Isolate The Stainless Screws
One of the best things you can do, in order to ensure your anode stays put, is to apply a liberal coating of Tef-Gel to the entire SS bolt that passes through the anode and also to coat the anode surfaces where the bolt passes through it and where the bolt comes into direct contact with the anode. If your anode has a recessed removable nut, do the same for the nut.
The practice of applying an insulating compound creates a spot where the stainless bolt or machine screw will be galvanically isolated, as best that it can be, from the anodic metal.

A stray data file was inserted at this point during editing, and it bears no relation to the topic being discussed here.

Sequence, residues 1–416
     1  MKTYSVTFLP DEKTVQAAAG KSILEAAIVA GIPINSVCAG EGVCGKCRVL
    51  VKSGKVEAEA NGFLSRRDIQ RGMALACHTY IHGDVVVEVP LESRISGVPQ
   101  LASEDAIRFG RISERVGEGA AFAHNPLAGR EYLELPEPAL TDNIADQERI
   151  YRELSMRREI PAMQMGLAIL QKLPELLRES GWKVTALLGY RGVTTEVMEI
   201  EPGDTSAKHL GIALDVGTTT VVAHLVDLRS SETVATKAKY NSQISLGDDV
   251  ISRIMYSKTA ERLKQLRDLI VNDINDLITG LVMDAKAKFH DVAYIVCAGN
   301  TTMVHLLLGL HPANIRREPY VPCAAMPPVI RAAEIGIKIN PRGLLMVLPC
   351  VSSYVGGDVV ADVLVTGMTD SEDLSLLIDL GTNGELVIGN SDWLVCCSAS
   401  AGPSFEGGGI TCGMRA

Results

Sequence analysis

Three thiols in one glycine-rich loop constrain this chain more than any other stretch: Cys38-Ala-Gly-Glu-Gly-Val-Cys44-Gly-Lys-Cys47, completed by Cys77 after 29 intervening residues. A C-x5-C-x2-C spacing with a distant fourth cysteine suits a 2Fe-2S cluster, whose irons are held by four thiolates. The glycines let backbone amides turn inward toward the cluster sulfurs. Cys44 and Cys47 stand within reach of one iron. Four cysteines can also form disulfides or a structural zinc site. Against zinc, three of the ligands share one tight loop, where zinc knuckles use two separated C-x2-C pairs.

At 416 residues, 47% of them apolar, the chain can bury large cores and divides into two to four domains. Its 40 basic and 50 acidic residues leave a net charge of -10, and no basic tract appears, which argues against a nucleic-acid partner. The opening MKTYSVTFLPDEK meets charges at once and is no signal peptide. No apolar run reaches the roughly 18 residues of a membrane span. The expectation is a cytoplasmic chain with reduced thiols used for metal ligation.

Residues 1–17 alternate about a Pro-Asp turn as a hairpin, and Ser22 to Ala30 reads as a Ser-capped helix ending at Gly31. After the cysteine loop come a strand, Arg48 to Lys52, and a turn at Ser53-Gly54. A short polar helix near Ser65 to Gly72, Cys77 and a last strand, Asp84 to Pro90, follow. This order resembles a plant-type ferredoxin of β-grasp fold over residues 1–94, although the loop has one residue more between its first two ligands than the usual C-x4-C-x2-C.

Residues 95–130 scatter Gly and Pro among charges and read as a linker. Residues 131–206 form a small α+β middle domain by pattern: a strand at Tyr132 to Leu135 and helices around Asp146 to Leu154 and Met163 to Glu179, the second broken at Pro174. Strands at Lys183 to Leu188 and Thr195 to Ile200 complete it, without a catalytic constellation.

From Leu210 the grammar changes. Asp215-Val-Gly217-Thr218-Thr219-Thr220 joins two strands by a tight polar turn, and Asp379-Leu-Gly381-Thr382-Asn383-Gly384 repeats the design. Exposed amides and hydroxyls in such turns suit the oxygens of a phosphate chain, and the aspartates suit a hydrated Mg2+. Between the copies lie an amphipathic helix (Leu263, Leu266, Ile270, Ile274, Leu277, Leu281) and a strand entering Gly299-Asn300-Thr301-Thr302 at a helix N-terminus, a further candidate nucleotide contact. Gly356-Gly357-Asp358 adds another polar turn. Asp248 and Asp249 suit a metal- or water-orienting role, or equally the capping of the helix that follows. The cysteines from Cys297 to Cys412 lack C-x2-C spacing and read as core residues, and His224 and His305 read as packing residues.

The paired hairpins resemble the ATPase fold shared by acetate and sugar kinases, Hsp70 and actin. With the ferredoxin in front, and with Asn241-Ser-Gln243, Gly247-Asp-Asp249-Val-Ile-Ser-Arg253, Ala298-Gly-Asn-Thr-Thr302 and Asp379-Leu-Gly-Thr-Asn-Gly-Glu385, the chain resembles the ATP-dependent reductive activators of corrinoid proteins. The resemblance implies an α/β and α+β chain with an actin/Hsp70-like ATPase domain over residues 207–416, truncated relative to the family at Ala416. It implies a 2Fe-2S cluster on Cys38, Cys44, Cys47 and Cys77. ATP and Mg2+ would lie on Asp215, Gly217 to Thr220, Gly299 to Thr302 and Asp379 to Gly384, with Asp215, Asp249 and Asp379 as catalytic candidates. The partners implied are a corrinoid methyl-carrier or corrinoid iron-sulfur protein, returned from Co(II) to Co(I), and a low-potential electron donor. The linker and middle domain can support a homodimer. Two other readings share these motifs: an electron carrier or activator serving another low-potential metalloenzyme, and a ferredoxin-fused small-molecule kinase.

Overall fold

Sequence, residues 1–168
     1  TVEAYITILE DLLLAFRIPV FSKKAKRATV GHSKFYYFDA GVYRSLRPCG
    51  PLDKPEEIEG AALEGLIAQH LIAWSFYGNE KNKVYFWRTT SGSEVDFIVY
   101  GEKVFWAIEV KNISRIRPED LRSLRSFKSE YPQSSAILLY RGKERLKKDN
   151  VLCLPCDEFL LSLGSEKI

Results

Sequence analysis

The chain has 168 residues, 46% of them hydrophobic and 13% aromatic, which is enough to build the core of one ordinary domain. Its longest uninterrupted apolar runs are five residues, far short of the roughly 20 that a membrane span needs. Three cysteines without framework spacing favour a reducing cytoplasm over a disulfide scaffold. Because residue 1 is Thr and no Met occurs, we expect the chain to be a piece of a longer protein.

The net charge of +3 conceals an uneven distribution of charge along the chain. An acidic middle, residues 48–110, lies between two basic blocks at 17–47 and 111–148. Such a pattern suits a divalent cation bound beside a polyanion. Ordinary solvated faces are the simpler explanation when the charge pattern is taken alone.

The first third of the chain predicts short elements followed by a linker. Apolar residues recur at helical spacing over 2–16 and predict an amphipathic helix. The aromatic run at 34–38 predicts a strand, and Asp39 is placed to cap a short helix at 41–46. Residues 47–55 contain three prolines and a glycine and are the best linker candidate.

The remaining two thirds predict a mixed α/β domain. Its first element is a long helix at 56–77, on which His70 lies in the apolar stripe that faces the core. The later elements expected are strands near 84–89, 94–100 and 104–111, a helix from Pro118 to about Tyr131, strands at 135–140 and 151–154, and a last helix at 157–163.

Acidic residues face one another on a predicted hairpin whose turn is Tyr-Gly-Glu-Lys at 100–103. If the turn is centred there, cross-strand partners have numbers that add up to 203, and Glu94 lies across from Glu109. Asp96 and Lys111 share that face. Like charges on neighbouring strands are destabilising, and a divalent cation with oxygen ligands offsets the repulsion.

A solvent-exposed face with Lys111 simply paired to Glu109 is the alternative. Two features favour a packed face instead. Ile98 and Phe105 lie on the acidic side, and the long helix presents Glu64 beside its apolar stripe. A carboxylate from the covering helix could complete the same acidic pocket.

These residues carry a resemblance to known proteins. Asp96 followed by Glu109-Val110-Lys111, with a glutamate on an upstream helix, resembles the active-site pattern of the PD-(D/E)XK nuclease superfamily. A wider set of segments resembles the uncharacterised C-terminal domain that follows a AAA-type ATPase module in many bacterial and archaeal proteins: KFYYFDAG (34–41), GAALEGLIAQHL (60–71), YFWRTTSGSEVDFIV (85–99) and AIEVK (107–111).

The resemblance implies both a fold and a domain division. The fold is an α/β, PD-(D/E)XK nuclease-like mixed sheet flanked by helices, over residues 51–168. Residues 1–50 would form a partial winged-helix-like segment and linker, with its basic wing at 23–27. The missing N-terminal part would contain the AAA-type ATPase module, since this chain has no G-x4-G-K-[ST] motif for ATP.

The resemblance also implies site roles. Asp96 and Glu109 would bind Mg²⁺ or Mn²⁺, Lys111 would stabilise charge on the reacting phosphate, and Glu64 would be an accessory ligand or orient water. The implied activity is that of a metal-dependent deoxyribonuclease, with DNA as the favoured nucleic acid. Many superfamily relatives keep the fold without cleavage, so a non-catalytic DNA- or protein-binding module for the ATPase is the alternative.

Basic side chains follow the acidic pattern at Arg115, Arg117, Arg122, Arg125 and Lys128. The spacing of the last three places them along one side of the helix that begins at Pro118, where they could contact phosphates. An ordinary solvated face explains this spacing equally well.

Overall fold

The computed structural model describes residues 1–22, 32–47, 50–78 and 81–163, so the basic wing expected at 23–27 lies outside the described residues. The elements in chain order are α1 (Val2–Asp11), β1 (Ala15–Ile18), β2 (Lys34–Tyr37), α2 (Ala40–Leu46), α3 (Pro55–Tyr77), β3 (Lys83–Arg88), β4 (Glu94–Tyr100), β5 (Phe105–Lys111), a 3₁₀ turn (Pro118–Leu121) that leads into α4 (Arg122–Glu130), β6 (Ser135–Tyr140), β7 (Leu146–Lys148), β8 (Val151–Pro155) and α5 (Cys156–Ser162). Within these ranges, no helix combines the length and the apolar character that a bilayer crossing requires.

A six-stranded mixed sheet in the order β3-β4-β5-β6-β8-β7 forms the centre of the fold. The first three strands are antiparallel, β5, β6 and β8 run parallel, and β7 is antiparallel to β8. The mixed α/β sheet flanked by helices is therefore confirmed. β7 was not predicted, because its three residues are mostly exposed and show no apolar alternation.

Stainless steel is near the top of the galvanic scale and zinc, magnesium or aluminum, the common anodic metals, are at the bottom. Coating the anode and stainless bolt or bolts is really not optional, if you want the best anodic protection & performance.
Here we can see a zinc from a feathering prop that had the stainless bolt and inside of the zinc liberally coated with Tef-Gel during the installation process. The anodic material around the stainless bolt was completely unaffected, as it should be, and the asnode is eroding very evenly, where it should be. This image was captured exactly as the anode came off the boat.